Levy To Handle Concessions At IMS Suh Signs With CAA Sports' Sexton ESPN Launches Wimbledon Poster Contest Organizers Up Security For L.A. Marathon MLS To Start Season With Replacement Refs Maryland Set For Final ACC Home Game Wolff Considering Temporary Bay Area Ballpark Classified Advertisements Famed MLB Surgeon Frank Jobe Dies At 88 U.S. World Cup Tune-Up A Coup For Jacksonville
SBD/July 13, 2012/Leagues and Governing BodiesPrint All
Andretti Autosport Owner Michael Andretti believes the "lack of proper development has slowed American drivers," and he indicated that he is “disappointed that more IndyCar team owners don't participate" in the circuit's ladder systems, according to Jenna Fryer of the AP. Andretti said, "The farm system, frankly, hasn't been great. We haven't had a real good one for a long time, and now we are finally starting to see more Americans coming along and see the fruits of that labor." He added, "It's really important for the future, and we need more people from the series to support it from an ownership standpoint. It's a bit of a headache, it's not easy to do, and we're not getting rich off of it. And I'm disappointed that we do our part, and then our drivers, like Charlie [Kimball] and [J.R.] Hildebrand, they get plucked away by other team owners at the next level." Andretti currently has U.S.-born Ryan Hunter-Reay and Marco Andretti on his team, but he “stressed that he doesn't develop only American drivers.” Former IndyCar driver Sam Hornish said the circuit "certainly does need successful Americans because it's an American series that competes mostly in the U.S.” Fryer noted it was league founder Tony George's “intent to create a series for American drivers when he broke away from CART in 1996.” Americans dominated through ‘02, but since then, Hornish's ‘06 championship “is the last title for a U.S.-born driver.” The series boasts just “seven full-time American drivers this season," though that is the "most since 2007” (AP, 7/12).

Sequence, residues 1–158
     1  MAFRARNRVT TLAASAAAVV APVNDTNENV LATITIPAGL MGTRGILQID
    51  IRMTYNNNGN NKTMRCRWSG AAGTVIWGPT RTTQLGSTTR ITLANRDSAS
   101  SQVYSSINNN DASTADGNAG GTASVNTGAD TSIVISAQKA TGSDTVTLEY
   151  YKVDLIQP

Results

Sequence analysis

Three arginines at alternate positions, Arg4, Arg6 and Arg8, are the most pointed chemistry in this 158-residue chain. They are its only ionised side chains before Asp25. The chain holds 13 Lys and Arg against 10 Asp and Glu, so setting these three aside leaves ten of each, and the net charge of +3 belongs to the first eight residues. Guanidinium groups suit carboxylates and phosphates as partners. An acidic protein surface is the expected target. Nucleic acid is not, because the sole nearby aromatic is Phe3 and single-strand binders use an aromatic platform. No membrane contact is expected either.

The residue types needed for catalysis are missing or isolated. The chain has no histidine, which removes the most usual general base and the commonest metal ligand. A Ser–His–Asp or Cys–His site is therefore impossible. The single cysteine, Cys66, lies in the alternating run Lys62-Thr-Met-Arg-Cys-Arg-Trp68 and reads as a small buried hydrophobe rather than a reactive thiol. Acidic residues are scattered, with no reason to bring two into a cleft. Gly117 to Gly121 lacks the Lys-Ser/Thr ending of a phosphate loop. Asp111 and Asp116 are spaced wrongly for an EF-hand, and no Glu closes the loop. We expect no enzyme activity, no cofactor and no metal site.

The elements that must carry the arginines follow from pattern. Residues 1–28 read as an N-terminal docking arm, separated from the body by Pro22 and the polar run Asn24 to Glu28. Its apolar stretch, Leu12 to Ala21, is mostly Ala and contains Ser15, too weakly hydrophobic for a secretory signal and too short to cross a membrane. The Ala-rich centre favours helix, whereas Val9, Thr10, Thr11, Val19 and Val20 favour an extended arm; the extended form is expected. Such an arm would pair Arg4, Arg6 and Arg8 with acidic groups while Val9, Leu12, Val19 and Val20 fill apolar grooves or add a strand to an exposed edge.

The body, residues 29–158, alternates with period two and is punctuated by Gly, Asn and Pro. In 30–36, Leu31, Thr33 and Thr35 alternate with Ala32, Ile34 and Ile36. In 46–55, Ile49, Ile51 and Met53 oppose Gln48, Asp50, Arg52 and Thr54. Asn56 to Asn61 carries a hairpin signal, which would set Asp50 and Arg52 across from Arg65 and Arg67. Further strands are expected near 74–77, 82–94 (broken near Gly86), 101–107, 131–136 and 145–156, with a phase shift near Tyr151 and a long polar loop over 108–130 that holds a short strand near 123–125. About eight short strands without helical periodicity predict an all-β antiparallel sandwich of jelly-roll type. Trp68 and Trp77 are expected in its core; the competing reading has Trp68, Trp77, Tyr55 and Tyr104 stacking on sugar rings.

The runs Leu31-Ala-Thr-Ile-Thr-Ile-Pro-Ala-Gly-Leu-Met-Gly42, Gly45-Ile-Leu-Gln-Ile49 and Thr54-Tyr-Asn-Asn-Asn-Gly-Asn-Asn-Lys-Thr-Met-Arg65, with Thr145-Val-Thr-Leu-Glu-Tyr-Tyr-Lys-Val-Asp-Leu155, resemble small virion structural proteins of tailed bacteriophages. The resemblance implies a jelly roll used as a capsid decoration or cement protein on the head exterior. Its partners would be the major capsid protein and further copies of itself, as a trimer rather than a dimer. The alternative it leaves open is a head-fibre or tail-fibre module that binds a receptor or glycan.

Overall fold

SUDDEN DEPARTURE: In Indianapolis, Curt Cavin reports in a development that “caught IndyCar by surprise Thursday," COO Marc Koretzky resigned, "effectively immediately.” No reason “was given for the sudden departure,” and no one “is lined up to take his duties.” Koretzky joined IndyCar in May ‘11 as Dir of Business Development and “led management of commercial activities and non-racing events around last year’s season-ending race at Las Vegas Motor Speedway.” Koretzky in December was “promoted to COO, essentially replacing Terry Angstadt, overseeing the day-to-day organizational operations of IndyCar as well was communicating with the company’s operating and commercial units.” The duties left by Koretzky “will be split among current IndyCar staff members in the interim” (INDIANAPOLIS STAR, 7/13).